When my husband’s mother lived in an excellent assisted living community, we found severe weather to be a challenge. Huge storms, no matter what the season, made it difficult to stay in touch.
Gail Sheehy’s November 3, 2012 article about elder and medical caregiving during Hurricane/Superstorm Sandy is posted over at Caring.com. It’s a must-read for adult children whose elder parents live in caregiving settings or if a senior parent expects visits from visiting nurses or other home care assistants.
In How Assisted Living and In-Home Care Providers Responded to Superstorm Sandy, Sheehy explains that senior caregivers and visiting nurses went to great lengths to ensure the safety and health of the people in their care. She also describes efforts to remain in touch with adult children and other family members.
Up and down the northeast corridor dedicated and caring individuals continued to provide care during the storm, sometimes even moving in with a patient for the few days so they could be sure no lapse in care occurred. Other nurses and caregivers waded through water, talked themselves through police roadblocks, and found novel ways to charge their portable devices.
We’ve all had experiences trying to accomplish a task that is way too hard — and one reason it’s so difficult is because the environment is not designed to help a person function and work efficiently. Many of us have watched our aging parents grow frustrated, especially in medical settings, where equipment and furniture is overly complex and where even simple things, like light switches, sometimes look like they belong in the complex control panel of an airplane. And it’s not just elders, but patients in general. In the biography by Walter Isaacson, Apple Computer’s Steve Job, then seriously ill and hospitalized, noted that hospital equipment needed dramatic redesigning.
To learn more check out Empowering Patients Through Design, a short article at Wired Science reporting on a speech at the Wired Health Conference. The October 15, 2012 article describes Michael Graves’ presentation, explaining how he became a hospital patient and then discovered that he could no longer function efficiently — even in a rehabilitation setting. The medical rooms, equipment, and other materials were poorly designed for people with disabilities.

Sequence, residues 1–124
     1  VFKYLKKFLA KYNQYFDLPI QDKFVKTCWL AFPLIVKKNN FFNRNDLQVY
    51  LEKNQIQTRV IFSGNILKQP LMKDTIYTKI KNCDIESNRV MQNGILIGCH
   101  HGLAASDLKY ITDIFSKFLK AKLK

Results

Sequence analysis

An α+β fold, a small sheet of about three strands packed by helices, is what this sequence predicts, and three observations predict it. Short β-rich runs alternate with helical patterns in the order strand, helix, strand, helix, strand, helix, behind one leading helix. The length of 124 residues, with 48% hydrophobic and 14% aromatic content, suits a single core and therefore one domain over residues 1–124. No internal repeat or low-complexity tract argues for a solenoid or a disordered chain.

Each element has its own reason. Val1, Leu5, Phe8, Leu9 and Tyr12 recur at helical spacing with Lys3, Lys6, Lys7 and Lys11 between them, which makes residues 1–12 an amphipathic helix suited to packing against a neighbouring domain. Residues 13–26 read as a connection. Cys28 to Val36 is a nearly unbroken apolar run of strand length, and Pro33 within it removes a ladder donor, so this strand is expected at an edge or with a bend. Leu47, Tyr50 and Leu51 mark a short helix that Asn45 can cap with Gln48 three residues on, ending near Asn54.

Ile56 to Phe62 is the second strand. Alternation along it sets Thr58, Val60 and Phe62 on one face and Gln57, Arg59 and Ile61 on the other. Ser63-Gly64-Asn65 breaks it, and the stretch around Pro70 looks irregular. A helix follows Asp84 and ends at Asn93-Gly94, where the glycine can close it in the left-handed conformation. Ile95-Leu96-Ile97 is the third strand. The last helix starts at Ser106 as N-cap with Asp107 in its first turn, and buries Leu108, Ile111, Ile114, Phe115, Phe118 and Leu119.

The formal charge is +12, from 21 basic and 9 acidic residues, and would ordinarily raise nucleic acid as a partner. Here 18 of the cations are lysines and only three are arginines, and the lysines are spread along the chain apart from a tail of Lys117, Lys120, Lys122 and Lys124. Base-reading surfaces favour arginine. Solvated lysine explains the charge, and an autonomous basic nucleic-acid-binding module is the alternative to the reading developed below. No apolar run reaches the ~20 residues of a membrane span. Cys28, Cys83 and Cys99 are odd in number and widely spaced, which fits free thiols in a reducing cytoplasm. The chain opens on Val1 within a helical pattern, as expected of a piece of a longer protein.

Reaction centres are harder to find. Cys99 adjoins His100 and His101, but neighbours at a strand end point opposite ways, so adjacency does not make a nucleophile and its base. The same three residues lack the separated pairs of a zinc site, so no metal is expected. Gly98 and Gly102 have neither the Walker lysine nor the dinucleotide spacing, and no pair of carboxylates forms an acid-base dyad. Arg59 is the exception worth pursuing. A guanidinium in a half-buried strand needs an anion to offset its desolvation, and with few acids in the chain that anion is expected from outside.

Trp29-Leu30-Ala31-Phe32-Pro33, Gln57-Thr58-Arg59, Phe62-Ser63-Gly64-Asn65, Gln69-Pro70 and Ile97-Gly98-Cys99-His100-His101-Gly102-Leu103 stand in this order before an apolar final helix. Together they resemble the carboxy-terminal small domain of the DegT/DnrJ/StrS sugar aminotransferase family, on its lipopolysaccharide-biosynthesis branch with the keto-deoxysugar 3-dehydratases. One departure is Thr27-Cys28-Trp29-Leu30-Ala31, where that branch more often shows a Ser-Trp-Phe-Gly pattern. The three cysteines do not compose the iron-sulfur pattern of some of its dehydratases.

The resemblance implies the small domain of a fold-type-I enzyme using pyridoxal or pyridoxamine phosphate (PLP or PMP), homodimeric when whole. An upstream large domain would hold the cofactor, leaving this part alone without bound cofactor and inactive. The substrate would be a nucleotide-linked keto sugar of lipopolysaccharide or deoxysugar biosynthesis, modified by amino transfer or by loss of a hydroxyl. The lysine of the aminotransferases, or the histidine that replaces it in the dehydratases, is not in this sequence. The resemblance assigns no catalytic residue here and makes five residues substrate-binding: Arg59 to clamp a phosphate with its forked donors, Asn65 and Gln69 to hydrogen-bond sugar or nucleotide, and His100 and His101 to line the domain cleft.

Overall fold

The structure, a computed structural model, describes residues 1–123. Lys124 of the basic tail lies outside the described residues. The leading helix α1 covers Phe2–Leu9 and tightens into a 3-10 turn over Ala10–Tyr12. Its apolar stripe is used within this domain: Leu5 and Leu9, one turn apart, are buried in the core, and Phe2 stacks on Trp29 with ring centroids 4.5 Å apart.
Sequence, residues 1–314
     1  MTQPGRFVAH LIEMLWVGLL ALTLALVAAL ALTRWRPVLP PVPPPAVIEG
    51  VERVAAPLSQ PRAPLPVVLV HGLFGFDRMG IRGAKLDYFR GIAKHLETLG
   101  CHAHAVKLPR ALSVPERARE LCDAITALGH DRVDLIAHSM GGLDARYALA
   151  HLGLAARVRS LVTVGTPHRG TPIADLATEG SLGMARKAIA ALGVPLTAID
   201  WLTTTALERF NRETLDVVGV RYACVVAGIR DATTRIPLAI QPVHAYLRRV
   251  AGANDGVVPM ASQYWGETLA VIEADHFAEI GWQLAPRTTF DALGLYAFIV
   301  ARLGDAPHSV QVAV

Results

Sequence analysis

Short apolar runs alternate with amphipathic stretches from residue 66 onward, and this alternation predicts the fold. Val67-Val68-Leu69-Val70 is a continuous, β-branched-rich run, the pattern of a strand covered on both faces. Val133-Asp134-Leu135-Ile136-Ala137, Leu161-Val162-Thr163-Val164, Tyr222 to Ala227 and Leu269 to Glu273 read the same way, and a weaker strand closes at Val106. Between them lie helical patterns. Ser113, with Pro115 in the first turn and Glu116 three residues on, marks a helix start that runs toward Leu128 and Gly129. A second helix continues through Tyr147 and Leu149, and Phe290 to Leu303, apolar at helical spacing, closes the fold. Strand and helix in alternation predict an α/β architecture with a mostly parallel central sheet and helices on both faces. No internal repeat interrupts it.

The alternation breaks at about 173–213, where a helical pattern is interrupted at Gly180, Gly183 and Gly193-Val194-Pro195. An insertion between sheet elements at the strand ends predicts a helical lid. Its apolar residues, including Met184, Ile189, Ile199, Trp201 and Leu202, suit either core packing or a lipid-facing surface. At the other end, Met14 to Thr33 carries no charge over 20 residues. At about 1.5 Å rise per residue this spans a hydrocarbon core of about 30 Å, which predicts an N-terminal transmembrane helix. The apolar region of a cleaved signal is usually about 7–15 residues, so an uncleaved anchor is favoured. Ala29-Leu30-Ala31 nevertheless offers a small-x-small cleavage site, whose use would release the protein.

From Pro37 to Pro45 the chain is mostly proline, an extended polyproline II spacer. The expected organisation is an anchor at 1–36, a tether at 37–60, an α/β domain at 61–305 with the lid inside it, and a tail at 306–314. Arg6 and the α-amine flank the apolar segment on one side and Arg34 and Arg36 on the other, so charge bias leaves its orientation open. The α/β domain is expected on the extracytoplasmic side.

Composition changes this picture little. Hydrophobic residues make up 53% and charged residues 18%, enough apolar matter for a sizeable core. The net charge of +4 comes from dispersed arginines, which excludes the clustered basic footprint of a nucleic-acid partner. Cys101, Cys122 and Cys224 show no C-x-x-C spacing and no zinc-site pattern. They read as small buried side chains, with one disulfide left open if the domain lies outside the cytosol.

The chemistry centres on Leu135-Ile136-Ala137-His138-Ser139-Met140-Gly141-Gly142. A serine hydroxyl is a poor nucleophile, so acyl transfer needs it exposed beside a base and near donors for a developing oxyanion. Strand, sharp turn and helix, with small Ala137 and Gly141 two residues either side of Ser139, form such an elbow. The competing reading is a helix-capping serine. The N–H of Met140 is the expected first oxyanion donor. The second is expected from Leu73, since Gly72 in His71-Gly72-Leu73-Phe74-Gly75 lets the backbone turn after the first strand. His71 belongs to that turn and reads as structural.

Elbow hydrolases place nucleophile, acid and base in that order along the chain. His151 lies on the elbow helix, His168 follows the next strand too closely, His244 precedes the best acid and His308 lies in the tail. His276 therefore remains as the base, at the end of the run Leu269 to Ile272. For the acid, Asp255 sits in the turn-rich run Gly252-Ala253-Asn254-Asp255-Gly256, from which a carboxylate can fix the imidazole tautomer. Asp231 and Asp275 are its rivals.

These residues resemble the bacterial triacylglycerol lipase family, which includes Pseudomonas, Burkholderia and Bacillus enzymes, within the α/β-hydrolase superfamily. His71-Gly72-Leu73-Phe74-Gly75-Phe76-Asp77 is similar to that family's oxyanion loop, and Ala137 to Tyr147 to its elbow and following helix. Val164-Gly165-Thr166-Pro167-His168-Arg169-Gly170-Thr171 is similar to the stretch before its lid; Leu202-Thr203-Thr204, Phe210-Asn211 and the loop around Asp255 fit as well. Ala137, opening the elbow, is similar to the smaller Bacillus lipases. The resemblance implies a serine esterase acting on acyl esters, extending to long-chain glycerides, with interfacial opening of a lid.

Graves, a renown architect, found a new calling, combining his professional knowledge with his experience as a patient and becoming a proponent of human centered design. This type of architecture aims to make health care environments, as well as other settings, more comfortable and user-friendly. “I decided that since I was a designer and architect and a patient, I have the credentials to do this,” Graves said at the conference.
In health care human centered design focuses on every part of the patient’s care experience from hospital and patient rooms to floors, light switches, and even signs. Graves and his group have designed hospital furniture that takes the specific needs of patients into consideration.
Adult children who help aging parents should check out the Washington Post article At End of Life, Medicare Beneficiaries Spend Thousands Out-of-Pocket. Reporter Sarah Kliff explains that a recent study, Out of Pocket Spending in the Last Five Years of Life (abstract), published in the Journal of General Internal Medicine, examined the amount of money that aging Medicare recipients spend on health care during the last five years of life. The abstract leads to the first two pages of the study, freely available.
According to the Post article, “The average Medicare beneficiary spent $38,688 out-of-pocket during the last five years of life.” This is in addition to the portion that Medicare covers. The Post article also features two excellent charts.
Researchers studied people who died between 2002 and 2008 using data from the Health and Retirement Study (HRS), based at the University of Michigan. HRS is a large nationally representative study funded launched in 1992 and funded by the National Institute on Aging.
These tips for adult children and their families look like common sense suggestions. Often however, when family members seek an assisted living community for an elder parent, they need to make decisions quickly without much time to read all of the fine print and ask the less obvious questions. Sometimes time constraints can put common sense at the bottom of the list.